An 80-year-old man presented to the emergency department with persistent fever, retrosternal pain and cold sweating for 1 week. He had undergone endovascular aortic stent repair of a thoracic aortic aneurysm 3 months ago. On examination, his body temperature was 38.6°C, heart rate was 99 bpm and blood pressure was 98/60 mm Hg. Laboratory studies revealed leukocytosis with elevated C-reactive protein of 19.6 mg/dl. A radiograph of the chest showed that endovascular stent repair of the thoracic aortic aneurysm, and increasing soft tissue opacities over the aortic arch and left upper lung field. CT angiography of the thorax showed ruptured aneurysmal sac with contrast extravasation (Figure 1), peri-aortic hematoma accumulation (Figure 1b) and scanty air bubbles formation in the aneurysmal sac (Figure 1b). Blood culture yielded Escherichia coli. Sudden episode of massive bloody vomitus with circulatory arrest occurred within several hours later, and the patient died without response to cardiopulmonary resuscitation.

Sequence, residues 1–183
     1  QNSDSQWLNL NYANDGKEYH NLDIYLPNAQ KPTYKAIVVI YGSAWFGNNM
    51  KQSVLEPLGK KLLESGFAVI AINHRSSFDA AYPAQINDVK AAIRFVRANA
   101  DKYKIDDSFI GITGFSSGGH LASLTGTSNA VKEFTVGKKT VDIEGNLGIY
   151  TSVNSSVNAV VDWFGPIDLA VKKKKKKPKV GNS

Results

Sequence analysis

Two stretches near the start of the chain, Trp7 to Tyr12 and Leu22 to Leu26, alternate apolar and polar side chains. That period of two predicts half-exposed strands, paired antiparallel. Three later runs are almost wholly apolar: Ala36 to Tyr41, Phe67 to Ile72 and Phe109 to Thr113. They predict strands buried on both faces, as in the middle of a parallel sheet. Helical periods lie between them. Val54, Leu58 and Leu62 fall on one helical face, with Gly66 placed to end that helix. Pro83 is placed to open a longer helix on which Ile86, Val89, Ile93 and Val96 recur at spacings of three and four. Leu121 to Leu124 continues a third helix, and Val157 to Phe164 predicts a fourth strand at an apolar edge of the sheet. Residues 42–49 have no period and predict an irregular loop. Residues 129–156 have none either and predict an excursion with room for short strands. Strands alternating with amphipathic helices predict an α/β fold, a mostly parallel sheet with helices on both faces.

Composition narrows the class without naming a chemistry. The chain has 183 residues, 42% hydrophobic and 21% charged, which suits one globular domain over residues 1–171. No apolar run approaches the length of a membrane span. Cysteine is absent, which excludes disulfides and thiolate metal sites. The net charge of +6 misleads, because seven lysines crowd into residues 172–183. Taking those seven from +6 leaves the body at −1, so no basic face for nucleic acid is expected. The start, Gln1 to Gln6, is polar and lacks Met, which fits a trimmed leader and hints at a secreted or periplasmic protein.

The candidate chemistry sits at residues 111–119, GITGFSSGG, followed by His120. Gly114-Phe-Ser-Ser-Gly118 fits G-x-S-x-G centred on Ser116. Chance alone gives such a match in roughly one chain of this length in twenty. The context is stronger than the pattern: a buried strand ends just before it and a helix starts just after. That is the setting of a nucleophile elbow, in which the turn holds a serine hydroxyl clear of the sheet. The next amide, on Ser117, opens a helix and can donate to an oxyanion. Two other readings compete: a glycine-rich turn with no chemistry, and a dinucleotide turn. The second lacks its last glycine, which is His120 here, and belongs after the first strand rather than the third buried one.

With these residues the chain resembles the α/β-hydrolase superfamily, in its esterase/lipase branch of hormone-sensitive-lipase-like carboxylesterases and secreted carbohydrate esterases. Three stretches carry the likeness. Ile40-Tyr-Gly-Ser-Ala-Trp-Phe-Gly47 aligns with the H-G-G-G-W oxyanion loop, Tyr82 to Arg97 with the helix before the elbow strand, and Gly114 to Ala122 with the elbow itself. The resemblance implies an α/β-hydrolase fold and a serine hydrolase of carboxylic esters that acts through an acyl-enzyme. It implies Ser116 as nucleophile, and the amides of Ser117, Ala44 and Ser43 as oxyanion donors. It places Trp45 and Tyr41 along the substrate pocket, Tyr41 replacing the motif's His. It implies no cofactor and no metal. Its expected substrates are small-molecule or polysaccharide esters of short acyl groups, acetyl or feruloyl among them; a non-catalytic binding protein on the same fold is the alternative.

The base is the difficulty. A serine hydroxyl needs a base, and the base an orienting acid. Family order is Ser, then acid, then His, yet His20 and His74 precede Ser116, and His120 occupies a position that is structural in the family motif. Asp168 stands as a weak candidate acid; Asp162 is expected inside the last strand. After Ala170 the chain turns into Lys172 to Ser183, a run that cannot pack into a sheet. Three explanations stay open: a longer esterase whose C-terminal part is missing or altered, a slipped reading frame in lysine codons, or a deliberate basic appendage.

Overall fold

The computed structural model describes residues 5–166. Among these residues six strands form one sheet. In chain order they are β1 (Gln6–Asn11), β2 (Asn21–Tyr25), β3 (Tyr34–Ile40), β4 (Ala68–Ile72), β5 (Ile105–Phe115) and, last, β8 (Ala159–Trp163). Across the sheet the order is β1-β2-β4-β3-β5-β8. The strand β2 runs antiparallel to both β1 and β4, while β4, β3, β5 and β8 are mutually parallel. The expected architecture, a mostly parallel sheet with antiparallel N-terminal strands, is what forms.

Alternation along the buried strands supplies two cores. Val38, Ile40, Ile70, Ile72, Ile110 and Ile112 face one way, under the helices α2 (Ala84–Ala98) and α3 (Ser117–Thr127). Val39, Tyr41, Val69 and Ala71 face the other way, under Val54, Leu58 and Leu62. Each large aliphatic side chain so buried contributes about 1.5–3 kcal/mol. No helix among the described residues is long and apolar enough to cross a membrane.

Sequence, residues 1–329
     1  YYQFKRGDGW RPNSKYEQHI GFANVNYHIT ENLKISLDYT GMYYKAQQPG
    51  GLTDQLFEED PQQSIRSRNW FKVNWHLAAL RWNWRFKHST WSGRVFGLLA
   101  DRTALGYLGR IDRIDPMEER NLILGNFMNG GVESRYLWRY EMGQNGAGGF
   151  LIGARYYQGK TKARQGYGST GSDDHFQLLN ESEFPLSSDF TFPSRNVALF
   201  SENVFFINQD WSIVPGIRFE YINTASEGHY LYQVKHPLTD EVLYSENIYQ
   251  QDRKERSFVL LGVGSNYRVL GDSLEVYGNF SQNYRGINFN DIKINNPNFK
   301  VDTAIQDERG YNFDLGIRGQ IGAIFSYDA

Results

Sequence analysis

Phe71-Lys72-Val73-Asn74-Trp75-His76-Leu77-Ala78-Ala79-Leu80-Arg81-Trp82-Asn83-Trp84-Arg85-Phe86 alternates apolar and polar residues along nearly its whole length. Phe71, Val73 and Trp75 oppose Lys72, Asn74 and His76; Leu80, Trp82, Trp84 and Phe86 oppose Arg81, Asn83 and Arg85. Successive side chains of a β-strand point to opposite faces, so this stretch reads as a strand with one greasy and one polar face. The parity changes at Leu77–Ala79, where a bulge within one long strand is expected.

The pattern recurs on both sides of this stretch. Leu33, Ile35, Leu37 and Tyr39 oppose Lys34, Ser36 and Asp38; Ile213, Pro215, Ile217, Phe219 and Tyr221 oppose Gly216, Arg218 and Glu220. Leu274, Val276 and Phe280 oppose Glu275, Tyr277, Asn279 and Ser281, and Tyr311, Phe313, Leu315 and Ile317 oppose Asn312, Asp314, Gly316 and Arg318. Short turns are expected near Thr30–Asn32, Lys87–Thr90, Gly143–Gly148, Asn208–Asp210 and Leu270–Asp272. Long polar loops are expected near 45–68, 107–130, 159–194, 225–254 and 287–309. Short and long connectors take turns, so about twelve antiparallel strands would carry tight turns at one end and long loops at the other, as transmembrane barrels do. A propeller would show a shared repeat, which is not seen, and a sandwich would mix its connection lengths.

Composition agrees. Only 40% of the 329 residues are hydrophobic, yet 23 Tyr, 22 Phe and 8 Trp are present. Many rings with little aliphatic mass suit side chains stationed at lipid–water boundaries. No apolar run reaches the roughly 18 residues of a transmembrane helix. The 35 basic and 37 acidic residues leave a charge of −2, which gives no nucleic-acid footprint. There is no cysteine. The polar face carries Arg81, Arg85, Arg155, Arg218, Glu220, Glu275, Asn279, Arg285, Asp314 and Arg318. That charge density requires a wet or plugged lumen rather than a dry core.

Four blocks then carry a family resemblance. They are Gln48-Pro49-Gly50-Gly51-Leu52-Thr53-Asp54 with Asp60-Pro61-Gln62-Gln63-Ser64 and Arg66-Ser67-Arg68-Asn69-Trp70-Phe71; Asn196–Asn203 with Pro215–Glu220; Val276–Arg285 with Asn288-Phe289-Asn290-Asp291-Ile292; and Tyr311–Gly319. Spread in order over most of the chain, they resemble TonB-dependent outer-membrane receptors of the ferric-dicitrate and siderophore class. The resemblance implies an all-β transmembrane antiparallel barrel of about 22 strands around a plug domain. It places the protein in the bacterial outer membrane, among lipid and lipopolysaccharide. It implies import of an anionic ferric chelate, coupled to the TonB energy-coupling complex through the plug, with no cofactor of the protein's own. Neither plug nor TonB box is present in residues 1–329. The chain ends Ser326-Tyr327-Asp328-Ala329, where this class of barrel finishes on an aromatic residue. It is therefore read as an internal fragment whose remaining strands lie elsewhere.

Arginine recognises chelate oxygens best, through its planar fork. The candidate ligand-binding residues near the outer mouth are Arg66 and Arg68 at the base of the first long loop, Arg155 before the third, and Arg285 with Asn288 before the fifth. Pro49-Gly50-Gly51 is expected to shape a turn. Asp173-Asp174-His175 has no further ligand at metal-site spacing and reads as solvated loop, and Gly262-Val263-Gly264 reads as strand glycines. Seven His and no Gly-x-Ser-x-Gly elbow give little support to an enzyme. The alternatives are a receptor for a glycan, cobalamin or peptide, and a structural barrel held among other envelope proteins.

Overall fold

Normally, the aorta is quite resistant to infection unless some predisposing factors make it vulnerable to infection, such as association with atherosclerotic disease, pre-existing aneurysm, cystic medial necrosis, diabetes, vascular malformation, medical devices or surgery.1 Endograft infection is a rare and life-threatening complication after endovascular repair with an increased incidence because of the increased frequency of invasive procedure, which may cause high risk of morbidity and mortality.2,3 Thoracic aortic endograft infection has the highest incidence of aorto-bronchial fistula formation, which may present with massive hemoptysis, indicates a very poor prognosis despite intensive treatment.1
Supported by Grants from Kaohsiung Veterans General Hospital, VGHKS103-015, Taiwan, R.O.C.
Conflict of interest: None declared.